• Nietzschean Libertarianism: the how and why of the free market morality

    Mai 31 2010, 20h20 por dyingdreams

  • Introduction to Friedrich Wilhelm Nietzsche

    Fev 24 2009, 11h51 por dyingdreams

    I think Nietzsche is severely misunderstood, and for the wrong reasons. I came across something a while ago that I thought explained the matter in a way, so if you're interested in philosophy you might like it :)




    Nietzsche rejects the distinction between “good” and “evil” as encapsulating a theological morality inappropriate to an age without religious belief.

    The word “good” has a clear sense when contrasted with “bad”, where the good and the bad are the good and the bad specimens of humanity. It lacks clear sense, however, when contrasted with the term “evil”. The good specimen is the one whose power is maintained, and who therefor flourishes. The capacity to flourish resides not in the “good will” of Kant (whom Nietzsche described as a “catastrophic spider”) nor in the universal aim of the utilitarians. […] It is to be found in those dispositions of character which permit the exercise of will: dispositions like courage, pride and firmness. Such dispositions, which have their place, too, among the Aristotelian virtues, constitute self-mastery.

    They also permit the mastery of others, and prevent the great “badness” of self-abasement. One does not arrive at these dispositions by killing the passions – on the contrary the passions enter into the virtuous character in a constitutive way. The Nietzschean man is able to “will his own desire as a law unto himself”. [Likewise,] Aristotle had argued that virtue consists not in the absence of passions but in a right order among them. Like Aristotle, Nietzsche did not draw back from the consequences of his anti-theological stance. Since the aim of the good life is excellence, the moral philosopher must lay before us the ideal of human excellence. Moral development requires the refining away of what is common, herd-like, “all too human”.

    Hence this ideal lies, of its nature, outside the reach of the common man. Moreover, the ideal may be (Aristotle), or even ought to be (Nietzsche), repulsive to those whose weakness of spirit deprives them of sympathy for anything which is not more feeble than themselves. Aristotle called this ideal creature the “great-souled man” (megalopsychos); Nietzsche called it the “Übermensch”. In each case pride, selfconfidence, disdain for the trivial and ineffectual, together with a lofty cheerfulness of outlook and a desire always to dominate and never to be beholden were regarded as essential attributes of the self-fulfilled man.

    The essence of the “new man” whom Nietzsche thus announced to the world was “joyful wisdom”: the ability to make choices with the whole self , and so not to be at variance with the motives of one’s action. The aim is success, not just for this or that desire but for the will which underlies them. In Nietzsche we find the Schoperhauerian will re-emerging as something positive and individual, with a specific aim: that of personal dominion over the world. […] This success is essentially the success of the individual.

    There is no place in Nietzsche’s picture of the ideal man for pity: pity is nothing more than a morbid fascination with failure. It is the greatest weakener of the will, and forms the bond between slaves which perpetuates their bondage. Nietzsche’s principal complaint against Christianity was that it had elevated this morbid feeling into a single criterion of virtue; thus it had prepared the way for the “slave” morality which, being founded in pity, must inevitably reject the available possibilities of human flourishing.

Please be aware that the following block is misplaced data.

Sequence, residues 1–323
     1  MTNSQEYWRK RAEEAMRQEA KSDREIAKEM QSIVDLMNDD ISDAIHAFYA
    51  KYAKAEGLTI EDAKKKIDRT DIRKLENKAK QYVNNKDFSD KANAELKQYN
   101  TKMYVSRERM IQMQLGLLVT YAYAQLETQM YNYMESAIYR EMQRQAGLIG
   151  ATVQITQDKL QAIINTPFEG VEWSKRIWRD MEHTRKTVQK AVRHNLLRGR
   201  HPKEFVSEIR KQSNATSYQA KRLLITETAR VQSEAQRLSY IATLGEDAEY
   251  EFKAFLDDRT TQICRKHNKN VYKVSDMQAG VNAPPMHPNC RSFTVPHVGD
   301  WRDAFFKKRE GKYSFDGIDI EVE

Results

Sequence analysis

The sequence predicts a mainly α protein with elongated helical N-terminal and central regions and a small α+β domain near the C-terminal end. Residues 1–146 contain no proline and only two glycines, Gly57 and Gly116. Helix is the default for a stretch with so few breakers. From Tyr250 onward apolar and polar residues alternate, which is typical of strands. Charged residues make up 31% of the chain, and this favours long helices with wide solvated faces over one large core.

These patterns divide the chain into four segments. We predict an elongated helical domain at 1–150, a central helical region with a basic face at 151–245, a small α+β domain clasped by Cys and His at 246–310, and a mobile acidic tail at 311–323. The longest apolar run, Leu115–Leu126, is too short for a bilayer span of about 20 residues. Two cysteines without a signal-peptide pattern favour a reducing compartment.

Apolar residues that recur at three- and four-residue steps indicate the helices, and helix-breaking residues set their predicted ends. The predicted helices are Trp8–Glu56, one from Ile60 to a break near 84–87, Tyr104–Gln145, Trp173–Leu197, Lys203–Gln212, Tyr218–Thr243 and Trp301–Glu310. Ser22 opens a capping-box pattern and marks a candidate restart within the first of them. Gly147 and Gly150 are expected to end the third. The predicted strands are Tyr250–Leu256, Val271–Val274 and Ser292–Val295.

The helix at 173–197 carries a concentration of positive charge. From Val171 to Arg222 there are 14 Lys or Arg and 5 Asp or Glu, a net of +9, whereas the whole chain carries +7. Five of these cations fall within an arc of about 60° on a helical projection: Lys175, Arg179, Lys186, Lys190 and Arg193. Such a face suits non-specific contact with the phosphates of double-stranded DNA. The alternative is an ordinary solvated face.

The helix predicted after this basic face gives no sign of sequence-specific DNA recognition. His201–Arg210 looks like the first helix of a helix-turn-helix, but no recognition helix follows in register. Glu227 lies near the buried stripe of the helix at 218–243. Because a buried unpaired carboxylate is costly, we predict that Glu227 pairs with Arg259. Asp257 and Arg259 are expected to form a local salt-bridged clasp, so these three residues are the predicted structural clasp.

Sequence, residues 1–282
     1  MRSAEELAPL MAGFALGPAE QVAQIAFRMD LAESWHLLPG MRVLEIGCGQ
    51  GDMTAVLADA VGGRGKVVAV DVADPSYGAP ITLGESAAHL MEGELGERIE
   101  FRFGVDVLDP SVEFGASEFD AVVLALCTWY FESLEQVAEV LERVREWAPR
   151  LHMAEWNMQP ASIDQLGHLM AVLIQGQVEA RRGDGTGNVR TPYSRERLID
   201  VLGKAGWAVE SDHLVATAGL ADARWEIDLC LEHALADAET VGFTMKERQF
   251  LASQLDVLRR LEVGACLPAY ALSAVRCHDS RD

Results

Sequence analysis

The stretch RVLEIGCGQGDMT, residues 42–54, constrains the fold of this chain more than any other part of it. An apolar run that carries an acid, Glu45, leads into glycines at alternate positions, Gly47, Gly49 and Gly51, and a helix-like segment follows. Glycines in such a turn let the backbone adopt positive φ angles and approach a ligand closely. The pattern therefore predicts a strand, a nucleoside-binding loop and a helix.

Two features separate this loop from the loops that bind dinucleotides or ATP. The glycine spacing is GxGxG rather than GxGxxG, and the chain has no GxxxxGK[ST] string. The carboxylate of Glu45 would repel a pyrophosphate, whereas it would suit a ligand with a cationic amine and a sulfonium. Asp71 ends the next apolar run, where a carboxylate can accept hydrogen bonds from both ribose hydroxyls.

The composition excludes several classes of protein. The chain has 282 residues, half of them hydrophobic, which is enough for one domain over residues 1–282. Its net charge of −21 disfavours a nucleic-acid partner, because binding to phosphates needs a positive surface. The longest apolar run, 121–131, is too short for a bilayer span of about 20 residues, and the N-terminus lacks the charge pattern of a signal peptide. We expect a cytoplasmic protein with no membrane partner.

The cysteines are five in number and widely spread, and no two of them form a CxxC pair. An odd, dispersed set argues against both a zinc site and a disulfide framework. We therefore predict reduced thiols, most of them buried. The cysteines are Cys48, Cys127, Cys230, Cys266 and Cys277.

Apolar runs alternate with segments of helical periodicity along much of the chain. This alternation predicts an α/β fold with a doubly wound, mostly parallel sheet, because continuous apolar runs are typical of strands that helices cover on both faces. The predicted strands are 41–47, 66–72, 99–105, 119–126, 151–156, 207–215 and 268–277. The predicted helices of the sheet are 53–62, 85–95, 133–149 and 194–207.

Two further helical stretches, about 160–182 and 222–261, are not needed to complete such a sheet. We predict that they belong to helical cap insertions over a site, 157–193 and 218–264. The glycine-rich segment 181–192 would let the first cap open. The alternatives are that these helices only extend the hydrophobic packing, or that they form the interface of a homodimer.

To some extent we can see all this as a restatement in modern language of the Aristotelian ideal of practical wisdom. When combined with Nietzsche’s theoretical scepticism, it lead to the view which is sometimes called pragmatism, according to which the only test of truth is the “practical” one. Since there are no facts, but only interpretations, the test of truth of a belief must lie in its success. The true belief is the one that arguements one’s power, the false belief the one that detracts from it.

    […] Hithertho, he argued, our beliefs and the concepts used to formulate them, have had the transcendental backing of religious Faith. At no point in the conceptual scheme of civilization has the void been fully apparant behind the thin paste of our conceptions. Now, however, everything is changing. People come into the world without certainties, and between the torn shreds of our inheritance the abyss is always visible.

    In such a condition human life becomes problematic [for those unable to deal with it in an appropriate manner]. Without a radical re-construction of our worldview, which will permit the will to power on which our enterprises depend, we shall enter a peculiar spiritual desert, in which nothing has meaning or value – the world of “the last man”.

    Nietzsche has been accused of nihilism, but [those who truly grasp his meaning and the implications of his insights see] that he’s trying […] to forestall nihilism and to provide us with the weapons against it.

    [Sadly], his acute social criticism, and his ability to sniff the “will to belief” behind all ordinary beliefs and attitudes, have endeared him to radical critics of Western society, and caused him to be conscripted to secular causes – feminism, socialism, egalitarianism, “multiculturalism” – which he himself would have greeted with cavernous laughter.


    [Excerpt from R. Scruton, A Short History of Modern Philosophy (ISBN 0415267633). For more information feel free to contact me or read what I believe to be Nietzsche’s most comprehensive and important book; Beyond Good and Evil.]
  • Join My Groups!

    Mar 22 2009, 5h37 por roll51

    Hey guys! Join my groups! Here at:


    Thanks you!!!!!! =)
  • Atlas Shrugged 2009 Essay Contest Entry

    Fev 27 2009, 18h46 por dyingdreams

    The Differende Between Wanting To Make Versus Wanting To Have Money
    by Christophe Cieters